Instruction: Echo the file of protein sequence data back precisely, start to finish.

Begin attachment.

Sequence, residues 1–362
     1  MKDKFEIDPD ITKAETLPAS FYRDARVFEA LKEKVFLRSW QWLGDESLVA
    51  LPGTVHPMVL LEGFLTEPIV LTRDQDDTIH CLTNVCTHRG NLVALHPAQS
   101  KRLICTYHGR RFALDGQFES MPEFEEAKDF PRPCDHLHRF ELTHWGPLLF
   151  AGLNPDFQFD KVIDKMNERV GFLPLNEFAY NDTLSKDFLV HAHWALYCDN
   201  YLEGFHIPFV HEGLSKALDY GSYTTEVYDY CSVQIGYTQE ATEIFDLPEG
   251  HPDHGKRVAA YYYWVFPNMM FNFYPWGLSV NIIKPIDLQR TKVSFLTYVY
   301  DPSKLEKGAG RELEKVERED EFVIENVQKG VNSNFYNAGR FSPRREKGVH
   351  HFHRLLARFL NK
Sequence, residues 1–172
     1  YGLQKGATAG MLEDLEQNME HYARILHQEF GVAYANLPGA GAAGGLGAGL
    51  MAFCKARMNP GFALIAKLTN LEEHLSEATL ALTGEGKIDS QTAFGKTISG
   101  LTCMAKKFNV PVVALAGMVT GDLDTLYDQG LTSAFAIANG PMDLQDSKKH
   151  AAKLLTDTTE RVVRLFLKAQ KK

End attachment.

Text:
Sequence, residues 1–362
     1  MKDKFEIDPD ITKAETLPAS FYRDARVFEA LKEKVFLRSW QWLGDESLVA
    51  LPGTVHPMVL LEGFLTEPIV LTRDQDDTIH CLTNVCTHRG NLVALHPAQS
   101  KRLICTYHGR RFALDGQFES MPEFEEAKDF PRPCDHLHRF ELTHWGPLLF
   151  AGLNPDFQFD KVIDKMNERV GFLPLNEFAY NDTLSKDFLV HAHWALYCDN
   201  YLEGFHIPFV HEGLSKALDY GSYTTEVYDY CSVQIGYTQE ATEIFDLPEG
   251  HPDHGKRVAA YYYWVFPNMM FNFYPWGLSV NIIKPIDLQR TKVSFLTYVY
   301  DPSKLEKGAG RELEKVERED EFVIENVQKG VNSNFYNAGR FSPRREKGVH
   351  HFHRLLARFL NK
Sequence, residues 1–172
     1  YGLQKGATAG MLEDLEQNME HYARILHQEF GVAYANLPGA GAAGGLGAGL
    51  MAFCKARMNP GFALIAKLTN LEEHLSEATL ALTGEGKIDS QTAFGKTISG
   101  LTCMAKKFNV PVVALAGMVT GDLDTLYDQG LTSAFAIANG PMDLQDSKKH
   151  AAKLLTDTTE RVVRLFLKAQ KK